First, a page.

Here's your 20-second guide to what Australian traders will be talking about this morning

– The global bond rout is here. It’s not yet the taper tantrum the Fed fears and may ignite with its first tightening later this year but there have been some significant moves in the past few days and global bond rates have risen sharply. Interest rate traders call that a selloff because rates rising drive bond prices down. But whatever you call it, it’s a rout. In the US rates are up 10 points to 2.36%. That’s the highest close for US 10’s since November last year. In Germany rates sold off sharply as well with the 10 year bunds up another 17 points to 0.89% while rates in the UK rose 8 points to 2.08%.

– Important to the European sell off was the ECB policy decision and Mario Draghi’s press conference. Imre Speizer said “in the subsequent press conference ECB chief Draghi remained adamant that the quantitative easing program would remain in place at least until September next year even in the light of recent encouraging activity and CPI data.” But rates rose and Draghi said markets just have to get used to volatility. So he’s not bothered by the spike in rates.

– The impact hasn’t been lost on Australian markets either with our 10 year futures off 16 points in overnight trade. Like the US that means they are likely to be trading at their highest levels since November last year when they open this morning. I’ve taken a look at Aussie bonds here.

– The bond market sell-off is huge news in the context of global markets. Stock market ructions often start in bonds or at least in markets associated with interest rates. Think the GFC. So we need to watch that carefully. But it seems like it is also becoming clear that some part of the aggressive bid tone in German Bunds so far this year has been associated with concerns about Greece. So stocks might be able to navigate this rocky road a little better than moves of this magnitude in bonds would usu usually imply.

– Looking at stocks it’s been a reasonable night in the US and Europe with stocks up in all the major markets we watch. In the US the release of ADP payrolls at 201,000 was slightly better than expected but ISM manufacturing dipped to 55.7 in May. Still solid though. Yesterday Australia’s version of this release printed 49.6. Given the similarity in the structure of the economies, if services in Australia were as strong as they are in the US we’d be having a very different conversation about growth and interest rates.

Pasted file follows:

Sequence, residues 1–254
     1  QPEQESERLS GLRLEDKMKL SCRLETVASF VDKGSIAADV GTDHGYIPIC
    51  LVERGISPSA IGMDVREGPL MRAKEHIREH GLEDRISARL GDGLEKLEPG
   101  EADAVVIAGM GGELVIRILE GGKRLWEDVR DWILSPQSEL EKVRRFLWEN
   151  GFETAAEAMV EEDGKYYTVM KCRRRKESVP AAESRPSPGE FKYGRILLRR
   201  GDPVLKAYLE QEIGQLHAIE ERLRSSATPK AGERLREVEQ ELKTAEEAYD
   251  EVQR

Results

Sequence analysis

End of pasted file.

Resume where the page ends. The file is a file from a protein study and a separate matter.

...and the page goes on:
Here’s the overnight scoreboard (7.43am AEST):

  • Dow Jones up 0.36% to 18,076
  • Nasdaq up 0.45% to 5,099
  • S&P 500 up 0.21% to 2,114
  • London (FTSE 100) up 0.32% to 6,950
  • Frankfurt (DAX) up 0.8% to 11,419
  • Paris (CAC) up 0.59% to 5,034
  • Tokyo (Nikkei) down 70 points to 20473
  • Shanghai (composite) down 0.01% to 4,909
  • Hong Kong (Hang Seng) up 0.69% to 27,657
  • ASX Futures Overnight (SPI June) +6 to 5,594
  • US 10 Year Bonds +11 to 2.37%
  • Australian 10 year bonds +15 to 3.065%
  • AUDUSD: 0.7774
  • EURUSD: 1.1267
  • USDJPY: 124.26
  • GBPUSD: 1.5328
  • USDCAD: 1.2450
  • Crude: $59.64
  • Gold: $1,184
  • Dalian Iron Ore (September): 436

– On the local market yesterday it was another day of selling and the ASX200 is back down testing important technical support. Traders will be watching the 5,575 level and then the 5,545/55 region. If the latter gives way the outlook would turn very bearish. It has to break first though. Time will tell.

– In Asia yesterday the Shanghai stock exchange was down in morning trade but after lunch traders essentially wiped away the losses with only a minor dip. In Tokyo stocks were lower even though the services PMI was solid. Recent highs have sparked concern as to whether the Japanese and global economies can justify or sustain such levels. Realistically it was only a small fall but Soc Gen reckons the rally in Japanese stocks can continue.

– On forex markets Greece is inching its way to some sort of deal and surging interest rates helped the Euro higher once again overnight. Other rates were mixed. Sterling hasn’t moved but the CAD is down a little and the Aussie has been unable to hold on to the 78 cent region. It spiked too soon after the GDP data yesterday. There’s a good technical reason for that.

– On commodity markets gold is down $8 to $1,184, Nymex crude fell right out of bed down 2.69% to $59.61, copper is becalmed at $2.75 a pound while Dalian iron ore futures dipped back from above 440 yesterday afternoon to 436.

– On the data front today the wave of information about the Australian economy continues with the release of retail sales and trade data for April. The Bank of England follows the ECB with its monetary policy decision this evening and then we get Challenger payrolls and jobless claims in the US.

And now from CMC Markets’ Ric Spooner is today’s Stock of the Day

Greencross Ltd (GXL. ASX)

If you own a pet, you’ll be well aware that they can be a significant item on the family budget. The “humanisation” of pets is one of the key drivers of the Greencross business. The tendency for owners to treat pets as part of their family leads to more purchases of high quality food, treats and accessories.

Greencross is in the pet business. It operates retail stores, vet clinics and grooming salons with Petbarn being its leading retail brand.

Despite yesterday’s weak overall market, Greencross showed signs of stabilising around the 78.6% Fibonacci retracement level yesterday. If it continues to consolidate around this level, a rally could be in prospect.

Ric Spooner, chief market analyst, CMC Markets

You can follow Ric on Twitter @ricspooner_CMC

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